Bila language

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Bila
Forest Bira
Kango, Sua
Native toDemocratic Republic of the Congo
RegionIturi forest
EthnicityKango (Wochua?)
Native speakers
(40,000 cited 1993–1998)[1]
Dialects
  • Kango (1,000)
  • Sua (1,000)
  • Bombi-Ngbanja
  • Nyaku
  • Ibutu
Language codes
ISO 639-3Either:
bip – Bila
kzy – Kango–Sua
Glottologbila1255  Bila[2]
kang1285  Kango[3]
belu1239  Belueli[4]
D.211,311,313[5]

Bila, or Forest Bira, is a Bantu language spoken in the Mambasa Territory of the Democratic Republic of Congo. It is also spoken by the Mbuti Pygmies who live in that area. Pygmy groups to the west include the Kango and Sua (Batchua).[6] Other Mbuti speak Central Sudanic languages. The Kango and Sua speak distinct dialects (southern and northern), but not enough to impair mutual intelligibility with their farming Bila patrons.

Maho (2009) lists Ibutu (Mbuttu, D.313) as a distinct language.

Phonology[edit]

Consonants[edit]

Bilabial Alveolar Palatal Velar Labio-
velar
Glottal
Plosive plain p t k
implosive ɓ ɗ
prenasal ᵐb ⁿd ᵑɡ
Fricative ɸ s h
Affricate plain t͡ʃ k͡p
prenasal ᶮd͡ʒ ᵑᵐɡ͡b
Lateral l
Nasal m n ɲ
Approximant j w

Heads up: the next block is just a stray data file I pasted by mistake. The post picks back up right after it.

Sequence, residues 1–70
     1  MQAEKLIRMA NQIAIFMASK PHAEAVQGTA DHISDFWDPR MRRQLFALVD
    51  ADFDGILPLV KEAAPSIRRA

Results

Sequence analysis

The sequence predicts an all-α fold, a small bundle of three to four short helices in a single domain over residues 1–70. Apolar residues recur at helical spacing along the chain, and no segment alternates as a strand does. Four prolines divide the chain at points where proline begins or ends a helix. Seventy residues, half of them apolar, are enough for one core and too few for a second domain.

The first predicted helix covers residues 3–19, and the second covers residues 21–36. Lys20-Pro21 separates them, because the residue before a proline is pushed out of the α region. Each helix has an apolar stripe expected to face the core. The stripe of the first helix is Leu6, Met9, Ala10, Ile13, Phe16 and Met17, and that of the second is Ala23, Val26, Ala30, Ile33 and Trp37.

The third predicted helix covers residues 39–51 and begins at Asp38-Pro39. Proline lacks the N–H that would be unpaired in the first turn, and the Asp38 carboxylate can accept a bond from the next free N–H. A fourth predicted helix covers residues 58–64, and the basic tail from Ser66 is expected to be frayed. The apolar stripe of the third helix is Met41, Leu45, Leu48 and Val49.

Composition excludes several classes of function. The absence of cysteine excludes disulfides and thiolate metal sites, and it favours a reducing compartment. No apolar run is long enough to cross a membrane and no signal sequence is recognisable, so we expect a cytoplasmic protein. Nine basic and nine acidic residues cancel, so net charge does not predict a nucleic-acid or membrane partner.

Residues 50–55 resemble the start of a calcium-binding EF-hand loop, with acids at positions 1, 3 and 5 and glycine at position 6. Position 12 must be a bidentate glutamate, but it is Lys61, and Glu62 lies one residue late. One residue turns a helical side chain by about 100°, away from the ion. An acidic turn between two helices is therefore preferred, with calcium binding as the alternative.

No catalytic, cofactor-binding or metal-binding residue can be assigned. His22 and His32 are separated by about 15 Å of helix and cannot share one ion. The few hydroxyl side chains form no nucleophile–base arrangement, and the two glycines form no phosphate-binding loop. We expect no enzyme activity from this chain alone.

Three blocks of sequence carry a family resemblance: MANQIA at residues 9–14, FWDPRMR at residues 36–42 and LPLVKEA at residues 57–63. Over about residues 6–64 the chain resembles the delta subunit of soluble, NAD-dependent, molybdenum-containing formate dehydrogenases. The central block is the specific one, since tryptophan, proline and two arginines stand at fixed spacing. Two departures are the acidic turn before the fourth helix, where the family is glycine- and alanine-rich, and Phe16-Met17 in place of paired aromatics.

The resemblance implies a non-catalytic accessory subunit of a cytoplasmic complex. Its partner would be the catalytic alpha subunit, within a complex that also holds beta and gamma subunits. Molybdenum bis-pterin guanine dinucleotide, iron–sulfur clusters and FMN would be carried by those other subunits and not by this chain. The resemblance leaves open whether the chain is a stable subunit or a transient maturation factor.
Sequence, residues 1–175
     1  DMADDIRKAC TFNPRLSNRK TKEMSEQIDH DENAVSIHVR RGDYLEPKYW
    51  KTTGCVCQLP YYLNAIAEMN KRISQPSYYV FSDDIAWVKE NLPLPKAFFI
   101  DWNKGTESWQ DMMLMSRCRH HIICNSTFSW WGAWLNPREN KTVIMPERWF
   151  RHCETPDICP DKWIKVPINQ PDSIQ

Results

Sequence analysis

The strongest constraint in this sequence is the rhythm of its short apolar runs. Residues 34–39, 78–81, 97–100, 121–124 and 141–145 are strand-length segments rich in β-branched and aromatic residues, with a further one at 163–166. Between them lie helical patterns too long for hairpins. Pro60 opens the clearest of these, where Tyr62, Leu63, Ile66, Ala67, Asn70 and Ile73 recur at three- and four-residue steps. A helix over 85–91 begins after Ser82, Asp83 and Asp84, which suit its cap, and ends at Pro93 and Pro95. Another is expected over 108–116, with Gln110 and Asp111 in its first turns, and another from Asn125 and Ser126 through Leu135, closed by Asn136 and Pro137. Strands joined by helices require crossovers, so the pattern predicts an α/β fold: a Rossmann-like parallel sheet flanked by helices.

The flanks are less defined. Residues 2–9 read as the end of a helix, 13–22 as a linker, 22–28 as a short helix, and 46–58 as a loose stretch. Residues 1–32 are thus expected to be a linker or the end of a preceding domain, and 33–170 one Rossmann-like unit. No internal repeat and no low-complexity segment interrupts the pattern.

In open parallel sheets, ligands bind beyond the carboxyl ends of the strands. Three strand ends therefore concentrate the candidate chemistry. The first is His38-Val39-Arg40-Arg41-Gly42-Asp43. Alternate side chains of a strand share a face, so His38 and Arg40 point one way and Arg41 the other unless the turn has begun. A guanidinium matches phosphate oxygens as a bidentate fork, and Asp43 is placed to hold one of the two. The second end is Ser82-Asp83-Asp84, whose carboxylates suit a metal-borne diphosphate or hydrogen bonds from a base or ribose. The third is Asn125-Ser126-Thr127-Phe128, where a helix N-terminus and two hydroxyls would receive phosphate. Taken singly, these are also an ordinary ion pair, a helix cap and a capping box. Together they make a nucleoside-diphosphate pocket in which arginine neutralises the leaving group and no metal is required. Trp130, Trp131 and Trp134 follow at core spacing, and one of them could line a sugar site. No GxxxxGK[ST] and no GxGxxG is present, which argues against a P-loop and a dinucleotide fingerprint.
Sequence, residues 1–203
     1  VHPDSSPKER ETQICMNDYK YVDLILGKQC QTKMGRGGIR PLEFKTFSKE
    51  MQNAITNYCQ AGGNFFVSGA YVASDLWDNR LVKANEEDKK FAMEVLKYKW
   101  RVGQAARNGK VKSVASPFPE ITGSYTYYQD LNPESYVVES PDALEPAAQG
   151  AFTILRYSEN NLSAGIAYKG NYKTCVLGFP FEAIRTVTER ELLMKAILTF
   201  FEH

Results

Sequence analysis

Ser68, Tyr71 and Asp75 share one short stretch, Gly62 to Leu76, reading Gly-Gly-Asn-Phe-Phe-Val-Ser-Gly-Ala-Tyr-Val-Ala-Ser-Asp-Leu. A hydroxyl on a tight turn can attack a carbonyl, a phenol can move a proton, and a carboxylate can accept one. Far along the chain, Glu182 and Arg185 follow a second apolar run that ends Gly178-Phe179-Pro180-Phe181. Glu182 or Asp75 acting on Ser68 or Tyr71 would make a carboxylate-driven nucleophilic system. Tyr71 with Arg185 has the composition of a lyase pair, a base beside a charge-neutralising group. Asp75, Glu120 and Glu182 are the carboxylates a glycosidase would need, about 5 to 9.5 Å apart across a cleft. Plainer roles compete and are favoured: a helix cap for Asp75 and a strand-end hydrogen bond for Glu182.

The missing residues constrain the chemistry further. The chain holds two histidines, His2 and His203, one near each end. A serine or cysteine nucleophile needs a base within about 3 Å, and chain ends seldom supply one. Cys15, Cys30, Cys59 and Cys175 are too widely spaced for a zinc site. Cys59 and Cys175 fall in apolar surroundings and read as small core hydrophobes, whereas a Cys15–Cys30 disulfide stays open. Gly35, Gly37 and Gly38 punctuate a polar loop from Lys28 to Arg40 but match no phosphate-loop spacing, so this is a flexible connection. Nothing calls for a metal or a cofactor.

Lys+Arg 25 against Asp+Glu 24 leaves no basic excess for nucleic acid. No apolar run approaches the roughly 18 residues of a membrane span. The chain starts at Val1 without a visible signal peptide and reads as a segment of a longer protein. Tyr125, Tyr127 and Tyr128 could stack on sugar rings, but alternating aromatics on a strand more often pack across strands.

Vowels[edit]

Front Central Back
Close i u
ɪ ʊ
Close-mid e o
Open-mid ɛ ɔ
Open a

References[edit]

  1. ^ Bila at Ethnologue (18th ed., 2015)
    Kango–Sua at Ethnologue (18th ed., 2015)
  2. ^ Hammarström, Harald; Forkel, Robert; Haspelmath, Martin, eds. (2017). "Bila". Glottolog 3.0. Jena, Germany: Max Planck Institute for the Science of Human History.
  3. ^ Hammarström, Harald; Forkel, Robert; Haspelmath, Martin, eds. (2017). "Kango (Tshopo District)". Glottolog 3.0. Jena, Germany: Max Planck Institute for the Science of Human History.
  4. ^ Hammarström, Harald; Forkel, Robert; Haspelmath, Martin, eds. (2017). "Belueli". Glottolog 3.0. Jena, Germany: Max Planck Institute for the Science of Human History.
  5. ^ Jouni Filip Maho, 2009. New Updated Guthrie List Online
  6. ^ L'Apare est un ruisseau, affluent de l'Ituri en région des Bantous Babali. La route qui relie Bafwasende à Bomili traverse le village, où réside ce groupe de Pygmées devenus sédentaires. Dans la documentation de l'expédition de 1929 et de 1935, ils étaient désignés sous le nom de Basua [page] Babali aux Bango wa mugwase (ou Pygmées de forêt). Après l'expédition de 1949–50, l'auteur préfère substituer à ces deux appellations, données par les Babali, leurs propres noms : les Pygmées de forêt désignent ceux de village du nom de Balioli (=Belueli) (sing. Dioy) et vice-versa ceux-ci désignent les Pygmées de forêt du nom de Bango (sing. Mwango).
  • Serge BAHUCHET, 2006. "Languages of the African Rainforest « Pygmy » Hunter-Gatherers: Language Shifts without Cultural Admixture."[1] In Historical linguistics and hunter-gatherers populations in global perspective. Leipzig.
  • Kutsch Lojenga, Constance. 2003. Bila (D32). In Nurse, Derek and Philippson, Gérard (eds.), The Bantu languages, 450-474. London & New York: Routledge.